Thayer's creative powers now may be fully recognized, just as they were in 1908, when placed in the context understood by readers of Macaulay's poem. What's the evidence of this? Because of the way in which "Casey's" epic is told--from a reversed, mirror-image viewpoint of Macaulay's tale of the battle at the Sublician Bridge. As the editor of the Emporia Gazette realized, the climactic moment of hand-to-hand combat in Macaulay's poem is personified by the Tuscan champion Astur advancing to the bridgehead, his scornful look mimicked by Casey as he silenced the Mudville protesters:

                        He smiled on those bold Romans
                        A smile serene and high;

                        He eyed the flinching Tuscans,
                        And scorn was in his eye.




The heroic Tuscan Astur-- the third champion to engage Horatius at the bridge-- struck a memorable blow which went amiss, with fatal results

In the long run, based on its classical template, timeless dramatic formula, and universal themes, the "Casey" saga would firmly establishing its appeal within American culture. And as baseball competition spread around the world in the 20th and 21st centuries, that appeal is poised to cross not only national but also cultural boundaries (see "Queci al Bate" article in ). But it's worth remembering that within its own time and place, Thayer's "Casey at the Bat" can claim not only a Western origin, and the incorporation of a notable Western simile from "The Bison Track," but also a contemporary Wild-West interpretation of its literary origins by a famed Kansas journalist. In the borderlands of the untamed West, brigands still roamed in the early years of the 20th century--and heroes  could still rise up (or fall, as did John Kloehr), even if their exploits would become dramatized to the American public chiefly in the pages of dime novels or on the flickering screens of movie houses.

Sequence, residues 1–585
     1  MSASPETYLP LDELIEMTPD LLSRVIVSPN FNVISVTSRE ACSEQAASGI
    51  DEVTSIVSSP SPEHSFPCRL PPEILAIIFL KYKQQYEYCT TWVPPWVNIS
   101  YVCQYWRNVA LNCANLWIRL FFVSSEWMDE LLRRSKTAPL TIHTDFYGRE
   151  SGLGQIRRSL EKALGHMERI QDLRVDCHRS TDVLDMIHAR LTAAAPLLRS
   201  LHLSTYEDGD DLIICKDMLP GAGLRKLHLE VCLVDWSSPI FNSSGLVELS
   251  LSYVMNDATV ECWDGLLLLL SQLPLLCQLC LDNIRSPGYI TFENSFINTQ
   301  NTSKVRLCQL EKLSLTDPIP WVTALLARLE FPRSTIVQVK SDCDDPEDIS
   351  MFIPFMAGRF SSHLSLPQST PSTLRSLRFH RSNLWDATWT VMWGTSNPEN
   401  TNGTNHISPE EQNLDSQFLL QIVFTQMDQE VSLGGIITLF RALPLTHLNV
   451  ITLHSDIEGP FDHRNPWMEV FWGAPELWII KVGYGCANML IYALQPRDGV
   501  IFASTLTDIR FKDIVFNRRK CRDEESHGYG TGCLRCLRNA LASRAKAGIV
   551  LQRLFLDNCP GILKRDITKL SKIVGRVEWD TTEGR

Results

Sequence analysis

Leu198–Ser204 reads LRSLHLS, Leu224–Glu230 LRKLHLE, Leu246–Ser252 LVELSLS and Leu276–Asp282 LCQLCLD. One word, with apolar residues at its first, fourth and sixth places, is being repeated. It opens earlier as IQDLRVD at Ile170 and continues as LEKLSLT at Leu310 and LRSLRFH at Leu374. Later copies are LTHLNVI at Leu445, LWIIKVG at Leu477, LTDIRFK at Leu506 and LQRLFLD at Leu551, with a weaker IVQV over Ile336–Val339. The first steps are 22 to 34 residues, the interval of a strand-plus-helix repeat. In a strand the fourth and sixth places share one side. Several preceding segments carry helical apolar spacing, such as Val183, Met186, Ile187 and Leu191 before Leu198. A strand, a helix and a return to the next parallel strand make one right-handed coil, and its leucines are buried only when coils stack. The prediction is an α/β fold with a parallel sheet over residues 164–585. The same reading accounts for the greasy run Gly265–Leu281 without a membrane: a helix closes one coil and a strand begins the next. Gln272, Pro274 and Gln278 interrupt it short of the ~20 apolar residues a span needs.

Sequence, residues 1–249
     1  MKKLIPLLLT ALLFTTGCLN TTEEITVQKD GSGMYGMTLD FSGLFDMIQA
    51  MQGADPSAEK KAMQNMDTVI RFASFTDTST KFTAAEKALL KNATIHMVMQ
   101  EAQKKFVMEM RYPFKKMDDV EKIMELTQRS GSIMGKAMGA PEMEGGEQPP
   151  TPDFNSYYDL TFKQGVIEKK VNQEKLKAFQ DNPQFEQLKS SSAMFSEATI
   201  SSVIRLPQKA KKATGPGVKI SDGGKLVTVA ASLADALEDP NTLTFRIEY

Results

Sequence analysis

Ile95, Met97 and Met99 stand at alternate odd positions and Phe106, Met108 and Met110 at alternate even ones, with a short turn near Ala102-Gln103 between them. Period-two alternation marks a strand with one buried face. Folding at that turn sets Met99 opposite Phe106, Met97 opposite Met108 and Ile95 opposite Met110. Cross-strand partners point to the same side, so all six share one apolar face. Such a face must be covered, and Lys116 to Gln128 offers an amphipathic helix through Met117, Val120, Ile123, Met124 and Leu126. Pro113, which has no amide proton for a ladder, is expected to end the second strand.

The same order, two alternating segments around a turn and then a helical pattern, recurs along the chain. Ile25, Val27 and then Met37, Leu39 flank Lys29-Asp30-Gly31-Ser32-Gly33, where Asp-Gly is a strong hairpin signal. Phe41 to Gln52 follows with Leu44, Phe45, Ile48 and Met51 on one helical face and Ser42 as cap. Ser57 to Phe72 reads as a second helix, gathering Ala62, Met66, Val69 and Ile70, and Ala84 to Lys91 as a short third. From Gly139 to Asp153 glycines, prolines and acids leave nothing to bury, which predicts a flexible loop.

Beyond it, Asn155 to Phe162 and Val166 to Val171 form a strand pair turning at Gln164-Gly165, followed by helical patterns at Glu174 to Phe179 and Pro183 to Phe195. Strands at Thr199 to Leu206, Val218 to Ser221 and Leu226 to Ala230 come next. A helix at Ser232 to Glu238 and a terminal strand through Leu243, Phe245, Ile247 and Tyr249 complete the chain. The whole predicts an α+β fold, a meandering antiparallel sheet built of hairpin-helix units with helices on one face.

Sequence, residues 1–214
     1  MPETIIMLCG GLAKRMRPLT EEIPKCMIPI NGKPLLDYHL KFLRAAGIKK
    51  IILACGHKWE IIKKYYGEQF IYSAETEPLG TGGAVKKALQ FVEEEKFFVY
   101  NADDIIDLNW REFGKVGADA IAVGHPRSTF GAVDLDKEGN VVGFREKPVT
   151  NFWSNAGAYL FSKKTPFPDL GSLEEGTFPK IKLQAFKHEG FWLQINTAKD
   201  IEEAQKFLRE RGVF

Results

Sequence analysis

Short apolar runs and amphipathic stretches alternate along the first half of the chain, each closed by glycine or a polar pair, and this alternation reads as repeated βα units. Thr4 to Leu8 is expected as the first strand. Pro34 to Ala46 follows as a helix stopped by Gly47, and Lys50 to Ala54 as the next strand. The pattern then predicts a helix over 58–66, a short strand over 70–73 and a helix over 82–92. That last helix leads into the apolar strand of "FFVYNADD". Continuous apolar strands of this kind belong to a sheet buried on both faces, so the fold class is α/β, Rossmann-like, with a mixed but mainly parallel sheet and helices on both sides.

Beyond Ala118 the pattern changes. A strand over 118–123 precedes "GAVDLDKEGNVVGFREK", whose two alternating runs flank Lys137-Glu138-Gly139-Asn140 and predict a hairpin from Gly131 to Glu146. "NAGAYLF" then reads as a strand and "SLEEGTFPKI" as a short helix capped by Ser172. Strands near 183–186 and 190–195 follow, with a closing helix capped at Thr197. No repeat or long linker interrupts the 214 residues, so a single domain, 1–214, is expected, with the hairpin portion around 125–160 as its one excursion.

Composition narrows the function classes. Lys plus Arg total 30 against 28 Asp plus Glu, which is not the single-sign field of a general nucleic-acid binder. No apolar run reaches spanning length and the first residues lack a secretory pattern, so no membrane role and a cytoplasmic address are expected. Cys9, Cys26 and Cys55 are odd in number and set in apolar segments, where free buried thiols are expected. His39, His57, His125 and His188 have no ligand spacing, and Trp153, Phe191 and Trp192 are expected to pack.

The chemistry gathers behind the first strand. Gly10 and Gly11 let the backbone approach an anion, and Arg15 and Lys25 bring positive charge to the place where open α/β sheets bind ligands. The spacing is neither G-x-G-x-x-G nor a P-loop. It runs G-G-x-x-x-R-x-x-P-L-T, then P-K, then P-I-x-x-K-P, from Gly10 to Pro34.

Thayer certainly lived long enough to appreciate that soon after the dawning of the 20th century, "reel heroes" would replace the real heroes of the age--or of ages past. The ironies suffered by his post-heroic generation had in fact inspired Thayer's 1885 Class Day oration to the graduates in Harvard Yard: "There is no place in Cambridge for the young man of heroic intentions." 


 The Majestic Theatre, Detroit, ca 1910